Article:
Ellicott City rallies for victims of fire

Benefit dinner raises more than $40,000 at Tersiguel's

November 23, 1999|By Alice Lukens | Alice Lukens,SUN STAFF

To find a coat and tie to wear to dinner at Tersiguel's restaurant last night, James A. South, who lost nearly everything he owned in the fire that destroyed part of Main Street in Ellicott City this month, had to borrow from friends and pay a visit to Sears.

But he did get a free gourmet meal last night -- with the promise of more, much more, to come.

Fernand Tersiguel held a $100-a-head fund-raiser last night at his restaurant on Main Street to help victims of the fire Nov. 9. More than 300 people showed up, donating more than $40,000, with promises of more donations to come, said Janet Kusterer, a spokeswoman for the event.

The fire, which officials believe started when a discarded cigarette ignited some trash behind Main Street Blues, destroyed five businesses and four apartments and caused an estimated $2 million in damage.

Some of the victims have the resources they need to move on; others, like South, have next to nothing.

"I cross a new hurdle every day," said South, 54, wearing a coat and tie and tennis shoes. South, an Ellicott City waiter, said he lived in a third-floor apartment above Legends and The Nature Nook, two businesses destroyed in the fire. He did not have insurance, he said, and escaped his apartment the day of the fire with his cat, a leather jacket and a case filled with clothes.

Tersiguel knows how South and the other victims feel. Fifteen years ago, in Ellicott City's last big fire, he lost his business, then called Chez Fernand. He was devastated, he said, and didn't know at first if he could go on. But a friend held a fund-raiser for him, just as he felt compelled last night to hold a fund-raiser for the more recent victims.

"There's a lot of love between people, and we forget it," Tersiguel said just as the five-hour buffet dinner was getting under way at 4 p.m. "Things like this make the love come back."

Long before the usual dinner hour, guests clad in dresses and coats and ties were filling the narrow entrance to the restaurant. They were led upstairs, where they found poached salmon with dill sauce, chicken roulade, boeuf bourguignon, Italian sausage, a huge box of French bread, mashed potatoes, various vegetable dishes and, of course, the wine.

Fire victims, like South, were admitted free. Amid the aroma of fine French food, they mingled with paying guests who included some of the county's best-known politicians and community leaders.

Howard County Executive James N. Robey attended with his wife, as did former state Sen. James Clark Jr. Guests included state Sen. Christopher J. McCabe, former County Executive Charles I. Ecker and County Council members C. Vernon Gray and Christopher J. Merdon. Developer Don Reuwer was there, as was former County Councilman Charles C. Feaga.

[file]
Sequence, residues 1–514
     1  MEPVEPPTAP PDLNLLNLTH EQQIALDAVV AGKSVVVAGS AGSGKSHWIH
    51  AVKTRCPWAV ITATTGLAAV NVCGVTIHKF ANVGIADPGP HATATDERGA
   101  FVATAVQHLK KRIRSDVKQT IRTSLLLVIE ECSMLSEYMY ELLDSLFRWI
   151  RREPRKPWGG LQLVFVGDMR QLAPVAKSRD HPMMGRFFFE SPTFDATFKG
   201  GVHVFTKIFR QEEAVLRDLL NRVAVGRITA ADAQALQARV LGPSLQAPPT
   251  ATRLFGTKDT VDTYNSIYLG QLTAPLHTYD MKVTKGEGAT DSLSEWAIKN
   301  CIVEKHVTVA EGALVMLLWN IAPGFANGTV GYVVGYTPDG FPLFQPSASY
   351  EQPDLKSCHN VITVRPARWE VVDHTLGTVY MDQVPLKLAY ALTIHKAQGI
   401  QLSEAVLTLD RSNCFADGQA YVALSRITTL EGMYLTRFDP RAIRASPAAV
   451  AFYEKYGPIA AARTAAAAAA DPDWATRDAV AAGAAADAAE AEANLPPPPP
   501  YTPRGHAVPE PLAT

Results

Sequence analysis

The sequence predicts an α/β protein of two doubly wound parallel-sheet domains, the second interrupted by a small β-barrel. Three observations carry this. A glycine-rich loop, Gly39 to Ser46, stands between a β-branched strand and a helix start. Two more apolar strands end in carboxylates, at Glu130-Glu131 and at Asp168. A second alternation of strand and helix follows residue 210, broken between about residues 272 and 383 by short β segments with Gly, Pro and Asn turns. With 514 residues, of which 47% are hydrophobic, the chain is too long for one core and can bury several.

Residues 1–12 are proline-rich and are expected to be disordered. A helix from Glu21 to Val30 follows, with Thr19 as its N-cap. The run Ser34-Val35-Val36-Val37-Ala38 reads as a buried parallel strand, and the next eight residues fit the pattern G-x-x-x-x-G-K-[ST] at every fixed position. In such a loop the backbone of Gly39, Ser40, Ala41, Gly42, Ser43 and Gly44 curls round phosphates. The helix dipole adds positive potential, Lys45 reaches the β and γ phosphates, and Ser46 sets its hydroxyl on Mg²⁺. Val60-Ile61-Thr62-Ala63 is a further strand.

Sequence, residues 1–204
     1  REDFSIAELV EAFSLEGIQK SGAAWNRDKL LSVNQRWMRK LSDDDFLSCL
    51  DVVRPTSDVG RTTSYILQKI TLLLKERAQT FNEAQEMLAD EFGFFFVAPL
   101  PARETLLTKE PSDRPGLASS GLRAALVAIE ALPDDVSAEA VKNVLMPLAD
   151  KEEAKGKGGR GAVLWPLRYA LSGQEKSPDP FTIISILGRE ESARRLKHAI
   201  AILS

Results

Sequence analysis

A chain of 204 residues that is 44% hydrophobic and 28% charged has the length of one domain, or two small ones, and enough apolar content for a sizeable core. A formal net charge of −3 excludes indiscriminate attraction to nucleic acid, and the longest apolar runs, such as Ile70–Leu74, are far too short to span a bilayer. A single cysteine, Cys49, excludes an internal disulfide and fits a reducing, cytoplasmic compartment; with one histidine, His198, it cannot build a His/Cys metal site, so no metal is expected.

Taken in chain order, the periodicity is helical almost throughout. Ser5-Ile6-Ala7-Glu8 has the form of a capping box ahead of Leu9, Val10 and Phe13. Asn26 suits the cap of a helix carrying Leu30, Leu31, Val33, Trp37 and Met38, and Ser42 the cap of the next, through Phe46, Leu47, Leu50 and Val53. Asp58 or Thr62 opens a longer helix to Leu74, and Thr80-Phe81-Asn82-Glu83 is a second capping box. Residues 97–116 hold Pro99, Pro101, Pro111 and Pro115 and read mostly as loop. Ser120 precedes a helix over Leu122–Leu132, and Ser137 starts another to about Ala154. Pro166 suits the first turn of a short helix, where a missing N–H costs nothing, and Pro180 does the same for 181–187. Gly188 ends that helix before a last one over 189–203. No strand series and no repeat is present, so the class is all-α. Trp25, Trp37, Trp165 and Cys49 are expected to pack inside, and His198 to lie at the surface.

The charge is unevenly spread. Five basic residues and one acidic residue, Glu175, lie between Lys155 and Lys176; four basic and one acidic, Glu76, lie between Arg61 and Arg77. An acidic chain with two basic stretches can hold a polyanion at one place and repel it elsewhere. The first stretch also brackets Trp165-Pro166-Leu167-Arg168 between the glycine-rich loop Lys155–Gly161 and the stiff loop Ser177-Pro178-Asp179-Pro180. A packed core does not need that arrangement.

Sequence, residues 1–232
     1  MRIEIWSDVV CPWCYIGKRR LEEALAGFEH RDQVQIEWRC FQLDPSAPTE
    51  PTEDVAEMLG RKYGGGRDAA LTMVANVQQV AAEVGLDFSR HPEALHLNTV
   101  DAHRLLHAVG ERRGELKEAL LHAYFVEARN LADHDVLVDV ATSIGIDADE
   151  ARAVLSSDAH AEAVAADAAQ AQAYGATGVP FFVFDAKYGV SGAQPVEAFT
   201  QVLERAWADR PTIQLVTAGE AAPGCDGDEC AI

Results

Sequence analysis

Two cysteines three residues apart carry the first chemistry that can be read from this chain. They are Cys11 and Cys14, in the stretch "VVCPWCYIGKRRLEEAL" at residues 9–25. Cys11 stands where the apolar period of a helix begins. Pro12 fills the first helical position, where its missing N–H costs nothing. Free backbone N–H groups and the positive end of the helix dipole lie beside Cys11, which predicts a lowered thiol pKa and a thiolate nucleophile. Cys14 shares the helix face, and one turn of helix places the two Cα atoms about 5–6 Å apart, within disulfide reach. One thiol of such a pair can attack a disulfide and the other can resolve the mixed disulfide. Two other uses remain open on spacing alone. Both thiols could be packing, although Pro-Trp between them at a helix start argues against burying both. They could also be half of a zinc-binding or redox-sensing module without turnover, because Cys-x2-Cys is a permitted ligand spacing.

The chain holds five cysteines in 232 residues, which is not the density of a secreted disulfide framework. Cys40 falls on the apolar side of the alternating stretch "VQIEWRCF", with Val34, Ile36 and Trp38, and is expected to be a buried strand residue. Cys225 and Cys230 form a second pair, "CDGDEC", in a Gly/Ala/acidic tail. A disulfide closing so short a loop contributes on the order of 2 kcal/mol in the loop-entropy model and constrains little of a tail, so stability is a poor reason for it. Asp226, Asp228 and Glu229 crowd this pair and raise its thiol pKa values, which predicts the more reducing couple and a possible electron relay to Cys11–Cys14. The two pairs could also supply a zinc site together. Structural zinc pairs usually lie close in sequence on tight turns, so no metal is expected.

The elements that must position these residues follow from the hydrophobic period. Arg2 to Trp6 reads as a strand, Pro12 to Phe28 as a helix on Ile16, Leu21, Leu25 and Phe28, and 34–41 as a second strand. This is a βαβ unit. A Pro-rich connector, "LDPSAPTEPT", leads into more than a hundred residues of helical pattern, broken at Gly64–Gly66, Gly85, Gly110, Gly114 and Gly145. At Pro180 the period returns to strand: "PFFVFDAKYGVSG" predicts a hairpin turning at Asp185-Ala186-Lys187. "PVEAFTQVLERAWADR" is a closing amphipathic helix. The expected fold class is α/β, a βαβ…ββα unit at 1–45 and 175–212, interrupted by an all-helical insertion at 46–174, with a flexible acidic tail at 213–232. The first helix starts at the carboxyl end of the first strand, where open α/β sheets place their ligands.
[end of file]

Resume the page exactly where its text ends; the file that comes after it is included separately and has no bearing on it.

"It's an interesting mix of local politicians, friends of Main Street Ellicott City and the greater Ellicott City community," said John Kyle, a Columbia lawyer and member of the Ellicott City Sunrise Rotary. He was one of two men staffing the door, trying to keep track of the number of paying guests. "It's a very tightly knit community," he said.

All of the money collected last night will go to fire victims, Kusterer said. A committee made up of representatives from the Ellicott City Sunrise Rotary, the Rotary Club of Ellicott City (Evening Club) and several community leaders will meet next week to determine how to distribute the money, she said. To help them, she said, questionnaires are being given to victims to find out how much they lost and what kind of help they might need.

Last night, Dave Carroll, who used to be the manager of Main Street Blues, handed out the questionnaires to the fire victims and ushered them into the dinner.

"These guys need financial help, but they also need to know people are there for them," said Carroll, who is on the committee that will determine how to distribute the money raised last night. He said victims include not only those who lost homes and businesses but employees of the destroyed businesses who need to pay their bills while they wait for insurance money to pay their lost salaries.

"We're also going to offer our expertise," Kusterer said. "Say you don't need money but you really need help finding a place: We're going to find a way to network. Sometimes people need something besides money. This is a traumatic event."

Tersiguel estimates that he spent at least $8,000 on the meal.

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